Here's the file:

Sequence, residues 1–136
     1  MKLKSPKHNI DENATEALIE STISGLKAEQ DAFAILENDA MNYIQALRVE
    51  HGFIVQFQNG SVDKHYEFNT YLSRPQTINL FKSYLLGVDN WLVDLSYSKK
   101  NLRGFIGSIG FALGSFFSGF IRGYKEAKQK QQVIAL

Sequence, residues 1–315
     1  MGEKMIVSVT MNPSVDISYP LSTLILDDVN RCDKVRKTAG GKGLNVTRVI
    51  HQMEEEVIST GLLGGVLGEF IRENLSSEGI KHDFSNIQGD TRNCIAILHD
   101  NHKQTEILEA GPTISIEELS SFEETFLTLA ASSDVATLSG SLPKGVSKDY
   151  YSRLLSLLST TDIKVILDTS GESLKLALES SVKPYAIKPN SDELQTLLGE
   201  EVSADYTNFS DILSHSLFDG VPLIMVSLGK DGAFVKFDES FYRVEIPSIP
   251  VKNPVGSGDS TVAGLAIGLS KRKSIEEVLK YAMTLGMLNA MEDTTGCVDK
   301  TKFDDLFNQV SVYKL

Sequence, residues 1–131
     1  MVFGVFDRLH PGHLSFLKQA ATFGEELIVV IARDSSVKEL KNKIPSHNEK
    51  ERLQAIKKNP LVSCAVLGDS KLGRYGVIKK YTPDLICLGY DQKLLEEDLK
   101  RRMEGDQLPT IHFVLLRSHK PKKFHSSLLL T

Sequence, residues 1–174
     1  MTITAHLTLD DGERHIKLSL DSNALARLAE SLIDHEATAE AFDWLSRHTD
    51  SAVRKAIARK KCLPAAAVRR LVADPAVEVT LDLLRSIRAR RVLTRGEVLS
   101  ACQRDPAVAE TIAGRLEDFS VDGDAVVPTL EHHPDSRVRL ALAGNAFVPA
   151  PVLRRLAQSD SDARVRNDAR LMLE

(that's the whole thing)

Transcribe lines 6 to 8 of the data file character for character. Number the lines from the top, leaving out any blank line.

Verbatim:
     1  MGEKMIVSVT MNPSVDISYP LSTLILDDVN RCDKVRKTAG GKGLNVTRVI
    51  HQMEEEVIST GLLGGVLGEF IRENLSSEGI KHDFSNIQGD TRNCIAILHD
   101  NHKQTEILEA GPTISIEELS SFEETFLTLA ASSDVATLSG SLPKGVSKDY